Greece’s East Attica In Antiquity: Playground Of Gods, Heroes And Heroines

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Sunset at Sounon and Poseidon (Cardaf/Adobe Stock) (Adobe Stock)

Greece’s East Attica In Antiquity: Playground Of Gods, Heroes And Heroines

The seductive scenery along the east coast of Attica in Greece overlooking the Aegean Sea, easily lures one back to an era when mythical gods and goddesses still claimed the land and implored their heroes to build temples for them and their heroines to serve in their sanctuaries as priestesses. During the Mycenaean Bronze Age era, Attica comprised of 12 small communities; Cecropia, Tetrapolis, Epacria, Decelea, Eleusis, Aphidna, Thorikos, Brauron, Kytheros, Sphettus, Cephisia, and Phaleron. Thucydides, a fifth-century BC Athenian general and historian, relates that Theseus, one of the legendary founder kings of Athens, through the process of synoikismos, united Attica’s 12 ancient settlements within Athens’ rule.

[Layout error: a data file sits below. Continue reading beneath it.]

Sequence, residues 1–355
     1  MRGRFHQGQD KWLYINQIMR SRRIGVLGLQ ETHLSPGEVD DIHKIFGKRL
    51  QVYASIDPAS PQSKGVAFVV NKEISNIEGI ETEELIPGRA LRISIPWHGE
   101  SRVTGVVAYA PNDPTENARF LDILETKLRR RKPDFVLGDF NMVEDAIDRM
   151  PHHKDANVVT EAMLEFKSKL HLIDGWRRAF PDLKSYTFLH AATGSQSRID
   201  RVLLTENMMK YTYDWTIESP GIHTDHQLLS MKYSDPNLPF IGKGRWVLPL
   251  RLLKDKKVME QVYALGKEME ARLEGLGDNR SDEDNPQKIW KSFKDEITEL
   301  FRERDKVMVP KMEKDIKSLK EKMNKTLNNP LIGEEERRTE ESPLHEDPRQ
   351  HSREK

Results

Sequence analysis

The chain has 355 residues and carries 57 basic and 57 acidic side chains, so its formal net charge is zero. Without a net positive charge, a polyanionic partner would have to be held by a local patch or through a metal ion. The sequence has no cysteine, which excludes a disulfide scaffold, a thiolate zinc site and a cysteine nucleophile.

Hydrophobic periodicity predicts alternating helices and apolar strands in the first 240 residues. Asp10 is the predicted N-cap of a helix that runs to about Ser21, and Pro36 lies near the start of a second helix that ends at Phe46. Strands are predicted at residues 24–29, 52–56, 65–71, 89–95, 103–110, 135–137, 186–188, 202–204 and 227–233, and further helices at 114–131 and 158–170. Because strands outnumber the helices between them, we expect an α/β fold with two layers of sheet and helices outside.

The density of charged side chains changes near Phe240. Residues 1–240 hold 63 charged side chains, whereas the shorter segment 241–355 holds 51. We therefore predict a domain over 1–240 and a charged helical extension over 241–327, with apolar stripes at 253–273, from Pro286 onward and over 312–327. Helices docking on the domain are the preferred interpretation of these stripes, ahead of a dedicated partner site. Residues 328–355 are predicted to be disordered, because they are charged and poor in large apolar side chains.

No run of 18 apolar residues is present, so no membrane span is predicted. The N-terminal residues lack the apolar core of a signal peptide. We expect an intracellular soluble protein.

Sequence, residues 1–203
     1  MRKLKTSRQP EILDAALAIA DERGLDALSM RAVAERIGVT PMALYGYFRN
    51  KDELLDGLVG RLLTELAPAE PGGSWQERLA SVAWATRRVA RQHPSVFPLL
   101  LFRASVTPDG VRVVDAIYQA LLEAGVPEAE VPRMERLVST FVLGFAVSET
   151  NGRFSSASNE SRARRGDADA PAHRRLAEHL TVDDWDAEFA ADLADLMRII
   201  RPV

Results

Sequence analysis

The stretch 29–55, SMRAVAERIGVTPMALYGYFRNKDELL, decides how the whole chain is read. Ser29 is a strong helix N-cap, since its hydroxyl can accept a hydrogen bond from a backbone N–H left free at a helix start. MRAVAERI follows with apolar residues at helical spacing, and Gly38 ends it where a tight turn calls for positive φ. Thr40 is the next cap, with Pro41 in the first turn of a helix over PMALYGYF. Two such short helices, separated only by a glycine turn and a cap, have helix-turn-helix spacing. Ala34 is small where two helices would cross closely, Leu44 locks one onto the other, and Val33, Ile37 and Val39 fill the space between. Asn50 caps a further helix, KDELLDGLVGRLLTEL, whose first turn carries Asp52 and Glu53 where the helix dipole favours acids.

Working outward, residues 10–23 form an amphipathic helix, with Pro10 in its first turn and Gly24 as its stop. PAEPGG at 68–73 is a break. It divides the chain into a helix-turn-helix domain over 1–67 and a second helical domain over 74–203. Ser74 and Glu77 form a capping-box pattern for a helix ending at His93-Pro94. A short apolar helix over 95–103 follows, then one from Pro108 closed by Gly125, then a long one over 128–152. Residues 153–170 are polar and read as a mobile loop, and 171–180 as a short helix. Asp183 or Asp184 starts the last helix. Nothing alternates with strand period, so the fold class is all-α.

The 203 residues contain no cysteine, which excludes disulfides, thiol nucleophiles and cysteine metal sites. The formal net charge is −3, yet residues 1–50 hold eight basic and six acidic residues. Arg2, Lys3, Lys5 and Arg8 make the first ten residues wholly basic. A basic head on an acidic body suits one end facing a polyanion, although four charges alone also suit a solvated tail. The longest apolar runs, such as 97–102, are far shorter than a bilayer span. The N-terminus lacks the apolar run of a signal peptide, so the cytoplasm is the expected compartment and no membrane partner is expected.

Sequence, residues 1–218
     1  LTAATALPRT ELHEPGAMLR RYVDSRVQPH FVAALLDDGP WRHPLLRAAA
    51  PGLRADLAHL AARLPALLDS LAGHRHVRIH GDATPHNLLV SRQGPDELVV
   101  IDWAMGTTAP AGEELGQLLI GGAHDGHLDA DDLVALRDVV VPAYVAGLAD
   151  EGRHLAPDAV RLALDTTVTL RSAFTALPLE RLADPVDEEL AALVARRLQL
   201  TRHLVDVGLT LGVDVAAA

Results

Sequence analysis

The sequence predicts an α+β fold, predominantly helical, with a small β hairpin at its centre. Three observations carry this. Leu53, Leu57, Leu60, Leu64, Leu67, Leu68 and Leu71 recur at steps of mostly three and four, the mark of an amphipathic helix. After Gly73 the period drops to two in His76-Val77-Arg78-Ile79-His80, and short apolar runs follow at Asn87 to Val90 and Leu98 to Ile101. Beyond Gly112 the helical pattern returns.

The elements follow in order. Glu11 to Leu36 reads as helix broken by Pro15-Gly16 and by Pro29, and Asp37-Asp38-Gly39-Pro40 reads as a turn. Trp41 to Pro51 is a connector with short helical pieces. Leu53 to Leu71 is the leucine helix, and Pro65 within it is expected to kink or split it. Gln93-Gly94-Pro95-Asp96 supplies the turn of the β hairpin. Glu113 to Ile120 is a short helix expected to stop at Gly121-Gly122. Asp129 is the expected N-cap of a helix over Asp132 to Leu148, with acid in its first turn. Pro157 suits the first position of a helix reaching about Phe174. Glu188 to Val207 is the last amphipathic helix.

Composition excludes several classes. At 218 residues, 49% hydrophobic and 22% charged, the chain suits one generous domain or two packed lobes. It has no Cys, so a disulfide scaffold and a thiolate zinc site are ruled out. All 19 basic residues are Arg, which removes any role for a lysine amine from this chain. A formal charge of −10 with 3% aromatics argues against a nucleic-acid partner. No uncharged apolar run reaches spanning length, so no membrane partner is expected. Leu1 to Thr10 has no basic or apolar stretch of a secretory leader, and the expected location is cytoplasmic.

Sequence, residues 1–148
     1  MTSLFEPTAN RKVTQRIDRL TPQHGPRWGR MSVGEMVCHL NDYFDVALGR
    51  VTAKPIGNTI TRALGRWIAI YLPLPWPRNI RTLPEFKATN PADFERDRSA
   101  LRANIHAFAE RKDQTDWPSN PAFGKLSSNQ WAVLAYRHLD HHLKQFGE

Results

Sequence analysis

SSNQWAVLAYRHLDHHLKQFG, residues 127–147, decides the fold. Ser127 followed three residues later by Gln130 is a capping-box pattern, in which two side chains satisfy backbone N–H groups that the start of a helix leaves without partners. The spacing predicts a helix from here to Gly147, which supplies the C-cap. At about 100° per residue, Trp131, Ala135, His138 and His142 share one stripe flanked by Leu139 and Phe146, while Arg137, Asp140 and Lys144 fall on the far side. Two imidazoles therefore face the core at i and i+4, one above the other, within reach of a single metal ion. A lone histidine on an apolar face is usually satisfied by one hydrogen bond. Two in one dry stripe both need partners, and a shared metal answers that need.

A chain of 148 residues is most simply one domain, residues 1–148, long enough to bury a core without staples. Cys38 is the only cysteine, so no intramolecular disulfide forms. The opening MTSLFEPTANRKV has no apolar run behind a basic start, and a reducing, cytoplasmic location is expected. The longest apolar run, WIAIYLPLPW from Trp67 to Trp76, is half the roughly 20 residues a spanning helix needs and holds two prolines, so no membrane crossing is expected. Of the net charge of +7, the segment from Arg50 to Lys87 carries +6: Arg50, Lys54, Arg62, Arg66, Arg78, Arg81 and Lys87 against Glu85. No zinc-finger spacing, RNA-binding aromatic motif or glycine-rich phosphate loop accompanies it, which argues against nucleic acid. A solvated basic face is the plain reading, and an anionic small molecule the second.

Primitive Acropolis with the Pelargikon (Pelasgic Wall) and the Old Temple of Athena (Public Domain)

After Theseus had slain the Minotaur on Crete and relieved Athens from the hegemony of King Minos, he returned to Athens.  His return was not without a tragedy that happened at Sounion, the southernmost tip of the Attica peninsula. Nevertheless, Theseus thus became rightful tenth King of Athens. During the Late Bronze Age, the Acropolis of Athens was defended by a Cyclopean circuit wall, similar to that of Tiryns and Mycenae. None of the fifth-century BC buildings – initiated by Pericles after the Peloponnesian Wars – existed yet, but there was a megaron on top of the sacred rock. As the new king, Theseus founded a central Prytaneion, to facilitate the governing administrative duties of the synoikismos.  (Modern historians consider it more likely that the 12 communities were progressively incorporated into an Athenian state during the Dark Ages (eighth to seventh centuries BC.)

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